(ORDO NEWS) — Like its close relative, the smallpox virus, monkeypox is a pathogen of the orthopoxvirus family. It is transmitted through contaminated body fluids or through close contact with infected people and other animals.
About a week or two after infection, the virus causes fever, headache, muscle aches, swollen lymph nodes, and exhaustion. After a few days, a rash may appear, usually on or around the face, which may develop into blisters and pustules that crust over and heal over the following weeks.
Although similar in many ways to smallpox, monkeypox is fortunately considered to be self-limiting, making it much less severe.
However, monkeypox is still considered a serious disease, with permanent complications ranging from the effects of sepsis and encephalitis to blindness due to an eye infection. Without medical treatment or vaccination, nearly one in ten infected people is at risk of fatal complications, especially among young children.
Compared to the horrors of smallpox, which claimed the lives of almost one in three infected people at its peak, monkeypox may not seem so terrible. But if the COVID-19 pandemic has taught us anything, it’s better to be safe than sorry when it comes to potentially deadly viruses.
Why is the disease called monkeypox?
The name “monkey pox” was coined in 1958 after an outbreak of the virus among test monkeys at a research center in Copenhagen.
However, don’t let the name fool you – although monkeys can become infected and transmit the virus, it is most commonly transmitted through popular sources of so-called “bush meat” such as dormis and African squirrels.
The first human case was not identified until 1970, when the World Health Organization (WHO) focused its efforts on eradicating smallpox in the Democratic Republic of the Congo. Today, the majority of infections still occur in this central African country, although outbreaks have been reported in a number of neighboring countries.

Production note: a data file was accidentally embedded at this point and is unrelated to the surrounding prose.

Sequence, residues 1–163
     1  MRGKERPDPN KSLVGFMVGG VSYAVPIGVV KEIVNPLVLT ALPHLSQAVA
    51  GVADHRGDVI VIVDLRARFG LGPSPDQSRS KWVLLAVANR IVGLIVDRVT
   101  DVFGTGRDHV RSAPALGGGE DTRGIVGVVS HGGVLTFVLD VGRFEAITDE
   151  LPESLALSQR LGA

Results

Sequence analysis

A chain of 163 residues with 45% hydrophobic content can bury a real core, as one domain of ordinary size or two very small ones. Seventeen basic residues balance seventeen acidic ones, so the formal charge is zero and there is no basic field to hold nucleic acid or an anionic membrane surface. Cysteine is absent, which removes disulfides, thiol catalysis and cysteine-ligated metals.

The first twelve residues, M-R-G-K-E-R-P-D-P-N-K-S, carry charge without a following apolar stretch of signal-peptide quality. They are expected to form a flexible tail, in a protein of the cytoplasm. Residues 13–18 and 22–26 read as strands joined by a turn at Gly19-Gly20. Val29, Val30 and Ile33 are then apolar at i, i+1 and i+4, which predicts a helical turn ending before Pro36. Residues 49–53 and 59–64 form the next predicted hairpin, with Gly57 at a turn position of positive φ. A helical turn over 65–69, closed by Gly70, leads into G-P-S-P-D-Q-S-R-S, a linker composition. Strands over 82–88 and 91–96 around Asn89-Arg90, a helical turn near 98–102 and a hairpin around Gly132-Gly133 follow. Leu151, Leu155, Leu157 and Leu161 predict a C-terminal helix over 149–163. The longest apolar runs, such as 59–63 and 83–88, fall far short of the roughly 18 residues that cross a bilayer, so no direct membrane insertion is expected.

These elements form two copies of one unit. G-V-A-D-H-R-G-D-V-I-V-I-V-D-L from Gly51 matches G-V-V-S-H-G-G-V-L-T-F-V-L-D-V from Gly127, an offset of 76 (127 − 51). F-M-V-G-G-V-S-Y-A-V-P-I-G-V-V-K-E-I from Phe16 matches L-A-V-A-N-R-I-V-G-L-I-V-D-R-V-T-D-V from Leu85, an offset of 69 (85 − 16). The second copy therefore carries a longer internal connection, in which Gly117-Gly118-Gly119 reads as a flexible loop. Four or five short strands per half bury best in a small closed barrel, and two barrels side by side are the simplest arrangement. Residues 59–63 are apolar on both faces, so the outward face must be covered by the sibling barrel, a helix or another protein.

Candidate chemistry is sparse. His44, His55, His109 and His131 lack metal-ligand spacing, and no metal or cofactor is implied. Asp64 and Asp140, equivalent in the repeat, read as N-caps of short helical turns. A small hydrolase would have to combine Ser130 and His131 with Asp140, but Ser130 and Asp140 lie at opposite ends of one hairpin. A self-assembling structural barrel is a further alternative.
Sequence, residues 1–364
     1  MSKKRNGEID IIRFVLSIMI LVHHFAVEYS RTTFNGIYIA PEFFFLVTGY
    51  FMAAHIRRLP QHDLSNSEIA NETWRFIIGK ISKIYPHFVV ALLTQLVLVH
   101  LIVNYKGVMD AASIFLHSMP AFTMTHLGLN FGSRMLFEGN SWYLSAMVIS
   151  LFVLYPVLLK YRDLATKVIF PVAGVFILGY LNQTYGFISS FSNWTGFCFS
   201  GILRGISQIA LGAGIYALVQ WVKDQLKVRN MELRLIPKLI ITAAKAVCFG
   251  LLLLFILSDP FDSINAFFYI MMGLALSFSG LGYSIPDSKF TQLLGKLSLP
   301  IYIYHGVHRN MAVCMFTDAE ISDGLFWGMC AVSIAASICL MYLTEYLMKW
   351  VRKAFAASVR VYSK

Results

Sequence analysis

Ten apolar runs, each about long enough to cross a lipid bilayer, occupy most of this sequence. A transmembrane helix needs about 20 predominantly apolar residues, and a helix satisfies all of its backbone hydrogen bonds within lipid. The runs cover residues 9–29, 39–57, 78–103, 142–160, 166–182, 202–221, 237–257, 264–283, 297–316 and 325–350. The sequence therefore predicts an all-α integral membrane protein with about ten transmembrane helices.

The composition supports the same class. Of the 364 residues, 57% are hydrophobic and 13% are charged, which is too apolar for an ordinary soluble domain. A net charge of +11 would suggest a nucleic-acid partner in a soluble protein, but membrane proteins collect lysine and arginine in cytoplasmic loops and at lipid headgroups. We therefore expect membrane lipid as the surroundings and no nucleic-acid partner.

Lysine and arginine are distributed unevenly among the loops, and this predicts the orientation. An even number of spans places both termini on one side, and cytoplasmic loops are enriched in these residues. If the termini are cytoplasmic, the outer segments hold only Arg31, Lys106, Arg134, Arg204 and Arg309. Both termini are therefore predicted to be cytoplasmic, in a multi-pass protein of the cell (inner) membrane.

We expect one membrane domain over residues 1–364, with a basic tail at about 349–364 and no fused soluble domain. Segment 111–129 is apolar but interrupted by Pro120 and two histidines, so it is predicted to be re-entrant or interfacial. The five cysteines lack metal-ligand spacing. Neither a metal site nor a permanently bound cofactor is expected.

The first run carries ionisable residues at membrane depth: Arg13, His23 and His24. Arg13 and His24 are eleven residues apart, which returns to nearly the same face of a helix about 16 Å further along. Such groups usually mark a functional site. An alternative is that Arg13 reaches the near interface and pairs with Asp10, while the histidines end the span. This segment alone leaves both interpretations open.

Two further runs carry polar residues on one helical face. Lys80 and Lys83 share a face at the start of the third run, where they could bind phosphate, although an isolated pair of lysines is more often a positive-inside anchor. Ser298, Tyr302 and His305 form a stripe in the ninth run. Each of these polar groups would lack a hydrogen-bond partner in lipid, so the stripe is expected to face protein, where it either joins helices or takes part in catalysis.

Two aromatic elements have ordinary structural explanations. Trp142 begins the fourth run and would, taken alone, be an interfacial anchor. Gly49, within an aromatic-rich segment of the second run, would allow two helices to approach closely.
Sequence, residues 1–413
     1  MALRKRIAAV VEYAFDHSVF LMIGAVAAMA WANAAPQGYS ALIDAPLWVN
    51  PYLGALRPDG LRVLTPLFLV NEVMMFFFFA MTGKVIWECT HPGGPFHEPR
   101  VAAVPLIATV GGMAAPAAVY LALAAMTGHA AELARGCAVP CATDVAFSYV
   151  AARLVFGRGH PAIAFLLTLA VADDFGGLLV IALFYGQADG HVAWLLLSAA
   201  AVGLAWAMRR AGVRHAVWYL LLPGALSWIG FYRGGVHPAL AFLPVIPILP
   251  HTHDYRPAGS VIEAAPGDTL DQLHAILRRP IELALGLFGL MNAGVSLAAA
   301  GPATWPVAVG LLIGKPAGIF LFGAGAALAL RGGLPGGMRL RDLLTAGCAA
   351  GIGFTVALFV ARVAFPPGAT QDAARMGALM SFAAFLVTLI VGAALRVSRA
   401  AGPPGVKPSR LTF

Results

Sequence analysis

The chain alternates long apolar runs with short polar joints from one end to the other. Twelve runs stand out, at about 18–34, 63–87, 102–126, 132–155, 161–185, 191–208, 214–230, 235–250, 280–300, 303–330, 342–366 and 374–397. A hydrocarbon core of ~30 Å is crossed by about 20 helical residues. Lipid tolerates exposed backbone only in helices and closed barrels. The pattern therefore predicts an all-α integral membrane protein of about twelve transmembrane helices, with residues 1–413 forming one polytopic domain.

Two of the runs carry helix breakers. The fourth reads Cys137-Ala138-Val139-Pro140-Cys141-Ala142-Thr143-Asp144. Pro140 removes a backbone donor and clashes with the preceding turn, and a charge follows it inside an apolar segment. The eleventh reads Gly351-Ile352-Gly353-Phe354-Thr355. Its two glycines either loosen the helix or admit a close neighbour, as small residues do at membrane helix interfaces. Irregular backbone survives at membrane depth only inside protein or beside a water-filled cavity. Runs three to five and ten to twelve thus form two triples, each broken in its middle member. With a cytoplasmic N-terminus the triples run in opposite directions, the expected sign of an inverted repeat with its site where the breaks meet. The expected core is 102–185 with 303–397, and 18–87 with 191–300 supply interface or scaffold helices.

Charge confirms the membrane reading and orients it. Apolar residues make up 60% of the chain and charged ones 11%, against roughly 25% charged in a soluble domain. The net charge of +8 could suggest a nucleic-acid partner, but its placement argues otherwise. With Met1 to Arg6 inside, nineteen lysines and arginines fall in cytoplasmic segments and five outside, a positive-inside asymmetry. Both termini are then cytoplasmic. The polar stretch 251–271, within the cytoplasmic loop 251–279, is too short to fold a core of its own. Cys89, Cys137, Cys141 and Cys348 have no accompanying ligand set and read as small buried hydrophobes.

Why is monkeypox spreading around the world right now?
While outbreaks of monkeypox made headlines in 2022, this is not the first time the virus has been detected outside of African populations.
In mid-2003, the CDC reported 71 cases in six US states, with 35 cases confirmed by laboratory testing to be monkeypox virus. All of these confirmed cases involved infected prairie dogs purchased from an animal distributor in Illinois, which were in turn infected with Gambian giant rats and dormis imported from Ghana.
Three cases were also reported in the UK in 2018. Surprisingly, one of the cases was not directly related to the other two. They all recently traveled to Nigeria, where monkeypox is known to circulate.
At first glance, the multiple simultaneous outbreaks that took place in mid-2022 may look like a potential pandemic, especially given the recent emergence of the devastating SARS-CoV-2.
Numerous suspected and confirmed cases around the world, including the US, UK, Spain, Portugal, Italy and Australia, hint at unprecedented, widespread transmission of the virus.
Most of those infected appear to be the result of close intimate contact (mostly between men) and were diagnosed after contacting medical facilities. No deaths have been reported at the time of this writing.
Since there is no evidence of a mutation that could increase the virulence of the microbe, it is likely that the outbreaks could be caused by the sudden surge in travel due to the easing of COVID restrictions. Increased vigilance regarding personal health may also help explain the epidemiology of the outbreak.
Should we be worried about the monkeypox pandemic?
Apart from the advice to remain vigilant, the WHO sees no need to restrict travel or implement a vaccination program.
In the past, outbreaks were limited to a handful of infected people, with little to no person-to-person transmission. Therefore, distribution was limited.
Unlike SARS-CoV-2, monkeypox cannot spread through the air. Because the smallpox vaccine is effective against the virus, the authorities are already heavily armed if concerns continue to mount.
The apparent spread of the virus is indicative of the ease with which viruses move with increased travel and reduced hygiene. From measles to the flu, there are more and far more deadly pathogens that we are already familiar with and will no doubt increase in number as the world opens up.
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